Walk-In Registration: Non-CLE Rate $100.00 / CLE Rate $250.00. Walk-In Registration tomorrow at 7:30 a.m. Please join us. Visit the website for agenda, directions, parking and more.
Many tribes have recently become involved in pursuing business operated over the Internet. These E-Commerce opportunities have not only created thriving economies, but they have also led to a tangled web of legal issues where state, tribal and federal laws and policies are colliding. The quick growth of E-Commerce in Indian Country has outpaced a general understanding of how E-Commerce law is intertwined with federal Indian law especially as it may relate to States’ rights.
The goal of this conference is to explore the legal issues surrounding the development of E-Commerce in Indian Country including: jurisdictional complexities and the necessity of fostering open dialogue with federal and state counterparts, the possible implications to tribal sovereignty, and the ongoing need for tribes to build infrastructures that facilitate economic growth on their reservations while complying with appropriate federal guidelines.
This conference will bring together tribal leaders and officials, lawyers practicing in Indian country, on and off reservation economic planning and development experts, business and finance specialists, virtual casino managers and executives, online vendors and entrepreneurs, regulatory experts and cutting‐edge scholars to explore the legal issues of tribal E-Commerce.
The Judicial Diversity Outreach web page on the Arizona Supreme Court’s web site has been updated to include Arizona: Three Judges’ Path to the Bench. This video includes interviews with Judges Thomas Le Claire, Patricia Orozco and Maurice Portley.
Do American Indians celebrate Thanksgiving? from the NMAI.
“I am very excited about my appointment,” Tsosie said. “It has allowed me to become more familiar with the needs of all students for a diverse and academically rigorous education, which will enable students to succeed in many different aspects of public life, including graduate education and employment opportunities.”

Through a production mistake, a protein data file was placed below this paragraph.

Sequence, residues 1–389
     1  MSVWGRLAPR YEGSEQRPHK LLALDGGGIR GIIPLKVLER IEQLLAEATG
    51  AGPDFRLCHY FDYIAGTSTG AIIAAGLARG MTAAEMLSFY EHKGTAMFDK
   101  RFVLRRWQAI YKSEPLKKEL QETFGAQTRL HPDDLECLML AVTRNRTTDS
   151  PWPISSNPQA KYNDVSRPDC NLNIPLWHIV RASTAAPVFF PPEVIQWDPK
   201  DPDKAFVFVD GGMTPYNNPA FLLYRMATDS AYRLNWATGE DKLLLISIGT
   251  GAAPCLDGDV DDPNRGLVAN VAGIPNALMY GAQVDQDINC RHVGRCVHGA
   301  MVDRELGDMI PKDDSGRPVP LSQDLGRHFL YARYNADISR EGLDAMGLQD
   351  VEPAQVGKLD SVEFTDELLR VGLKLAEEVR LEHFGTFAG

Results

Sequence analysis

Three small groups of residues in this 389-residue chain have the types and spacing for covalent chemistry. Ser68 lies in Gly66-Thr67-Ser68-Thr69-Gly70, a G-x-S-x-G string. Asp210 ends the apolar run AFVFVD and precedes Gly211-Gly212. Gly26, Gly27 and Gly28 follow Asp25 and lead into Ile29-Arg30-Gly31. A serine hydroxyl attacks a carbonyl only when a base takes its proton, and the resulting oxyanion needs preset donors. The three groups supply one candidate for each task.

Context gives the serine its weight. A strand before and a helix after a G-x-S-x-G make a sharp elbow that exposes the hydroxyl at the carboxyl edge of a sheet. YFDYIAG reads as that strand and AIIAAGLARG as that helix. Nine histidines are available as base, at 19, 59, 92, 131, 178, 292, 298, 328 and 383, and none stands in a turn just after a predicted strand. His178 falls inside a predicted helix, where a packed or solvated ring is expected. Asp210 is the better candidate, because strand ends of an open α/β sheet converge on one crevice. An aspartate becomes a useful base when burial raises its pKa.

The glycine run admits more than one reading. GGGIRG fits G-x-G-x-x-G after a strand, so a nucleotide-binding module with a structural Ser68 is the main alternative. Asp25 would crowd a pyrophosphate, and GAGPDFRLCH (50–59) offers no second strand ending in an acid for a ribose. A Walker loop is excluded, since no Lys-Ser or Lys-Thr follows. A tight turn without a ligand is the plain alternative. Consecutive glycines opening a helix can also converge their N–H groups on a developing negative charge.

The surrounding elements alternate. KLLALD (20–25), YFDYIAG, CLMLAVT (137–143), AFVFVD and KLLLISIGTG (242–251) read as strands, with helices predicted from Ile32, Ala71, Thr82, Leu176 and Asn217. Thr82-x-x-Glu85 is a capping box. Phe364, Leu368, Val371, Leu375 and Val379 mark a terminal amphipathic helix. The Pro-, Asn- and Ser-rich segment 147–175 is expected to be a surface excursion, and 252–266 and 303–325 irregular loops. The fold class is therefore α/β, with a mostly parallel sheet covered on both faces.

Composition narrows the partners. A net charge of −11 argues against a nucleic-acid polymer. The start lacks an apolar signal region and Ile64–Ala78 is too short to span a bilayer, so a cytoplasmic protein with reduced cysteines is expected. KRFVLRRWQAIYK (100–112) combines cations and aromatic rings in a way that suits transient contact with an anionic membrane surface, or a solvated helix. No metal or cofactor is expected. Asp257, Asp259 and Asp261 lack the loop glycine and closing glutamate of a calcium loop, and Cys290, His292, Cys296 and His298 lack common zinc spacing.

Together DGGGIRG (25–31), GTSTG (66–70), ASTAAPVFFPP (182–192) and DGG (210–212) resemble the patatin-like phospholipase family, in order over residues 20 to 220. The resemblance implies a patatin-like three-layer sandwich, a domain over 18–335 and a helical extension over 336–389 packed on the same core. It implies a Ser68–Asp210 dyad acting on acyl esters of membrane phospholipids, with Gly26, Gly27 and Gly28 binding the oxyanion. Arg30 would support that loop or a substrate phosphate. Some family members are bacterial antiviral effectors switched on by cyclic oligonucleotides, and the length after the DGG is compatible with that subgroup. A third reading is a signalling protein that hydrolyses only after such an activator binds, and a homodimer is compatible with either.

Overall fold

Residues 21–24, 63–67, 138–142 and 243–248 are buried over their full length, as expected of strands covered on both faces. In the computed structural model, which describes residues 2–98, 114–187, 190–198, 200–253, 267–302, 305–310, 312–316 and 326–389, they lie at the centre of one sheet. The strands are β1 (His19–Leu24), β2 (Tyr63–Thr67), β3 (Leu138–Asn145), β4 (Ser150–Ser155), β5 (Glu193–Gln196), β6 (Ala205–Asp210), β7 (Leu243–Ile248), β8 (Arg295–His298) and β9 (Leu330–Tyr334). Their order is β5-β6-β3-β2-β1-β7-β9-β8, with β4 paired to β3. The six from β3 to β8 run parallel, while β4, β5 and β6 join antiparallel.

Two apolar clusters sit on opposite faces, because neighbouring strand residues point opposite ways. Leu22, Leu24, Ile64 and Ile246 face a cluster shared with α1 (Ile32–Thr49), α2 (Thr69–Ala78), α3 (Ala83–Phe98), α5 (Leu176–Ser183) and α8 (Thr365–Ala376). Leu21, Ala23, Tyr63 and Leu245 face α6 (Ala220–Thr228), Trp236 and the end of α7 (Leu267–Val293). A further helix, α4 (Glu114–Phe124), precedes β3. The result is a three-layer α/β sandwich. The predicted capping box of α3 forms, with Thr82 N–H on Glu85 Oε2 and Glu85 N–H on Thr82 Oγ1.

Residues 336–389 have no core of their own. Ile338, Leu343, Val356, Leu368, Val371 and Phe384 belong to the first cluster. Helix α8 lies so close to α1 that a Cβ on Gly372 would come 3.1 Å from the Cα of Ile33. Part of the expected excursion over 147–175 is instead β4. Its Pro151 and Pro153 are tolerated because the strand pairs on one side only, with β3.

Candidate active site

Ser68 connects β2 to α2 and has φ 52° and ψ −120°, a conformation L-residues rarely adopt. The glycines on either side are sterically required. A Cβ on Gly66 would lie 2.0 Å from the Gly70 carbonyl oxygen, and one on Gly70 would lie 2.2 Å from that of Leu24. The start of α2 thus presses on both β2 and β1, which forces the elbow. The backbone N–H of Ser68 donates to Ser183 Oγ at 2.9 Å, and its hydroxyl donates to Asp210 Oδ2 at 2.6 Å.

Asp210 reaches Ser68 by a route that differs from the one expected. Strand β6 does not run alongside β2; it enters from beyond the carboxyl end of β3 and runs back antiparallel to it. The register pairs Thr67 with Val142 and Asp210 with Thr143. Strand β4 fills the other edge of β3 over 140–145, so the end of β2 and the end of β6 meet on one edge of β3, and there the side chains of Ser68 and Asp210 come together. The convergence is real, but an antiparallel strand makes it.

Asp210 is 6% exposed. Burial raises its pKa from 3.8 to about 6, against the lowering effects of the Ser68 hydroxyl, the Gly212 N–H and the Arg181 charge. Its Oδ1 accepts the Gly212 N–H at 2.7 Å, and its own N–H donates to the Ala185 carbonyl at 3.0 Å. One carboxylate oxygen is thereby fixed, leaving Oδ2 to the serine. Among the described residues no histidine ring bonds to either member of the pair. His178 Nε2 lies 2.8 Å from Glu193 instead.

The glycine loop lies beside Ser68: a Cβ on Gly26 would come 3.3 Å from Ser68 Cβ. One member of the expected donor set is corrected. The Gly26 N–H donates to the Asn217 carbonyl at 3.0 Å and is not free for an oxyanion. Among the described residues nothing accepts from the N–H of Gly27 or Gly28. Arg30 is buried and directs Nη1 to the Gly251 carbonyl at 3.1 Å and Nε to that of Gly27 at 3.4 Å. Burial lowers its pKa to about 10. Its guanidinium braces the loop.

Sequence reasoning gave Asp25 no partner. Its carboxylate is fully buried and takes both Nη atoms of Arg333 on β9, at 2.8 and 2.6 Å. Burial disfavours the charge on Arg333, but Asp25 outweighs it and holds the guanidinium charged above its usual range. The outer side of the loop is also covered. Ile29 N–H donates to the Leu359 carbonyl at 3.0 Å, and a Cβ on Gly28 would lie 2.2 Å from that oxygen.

The National Museum of the American Indian hosted a special symposium celebrating the opening of the National Museum of the American Indian’s landmark exhibition, Nation to Nation: Treaties Between the United States and American Indian Nations, and the notable book of the same title that accompanies the exhibition. In this segment, Robert N. Clinton speaks on “Treaties with Native Nations: Iconic Historical Records or Modern Necessity?”
Kathlene “Kate” Rosier is returning as the executive director of the Indian Legal Program at the Sandra Day O’Connor College of Law at Arizona State University.
Rosier, who left the College of Law in 2011 to become the assistant general counsel for the Fort McDowell Yavapai Nation, served as the Indian Legal Program’s director for 11 years.
“I feel like I’m being reunited with family,” Rosier said about her return. “I love and missed the daily interaction with students, so I was excited to have the opportunity to come back.”
Rosier replaces Ann Marie Downes, who recently was appointed by the White House to serve in the assistant secretary’s office of the Bureau of Indian Affairs. Rosier will start on October 13.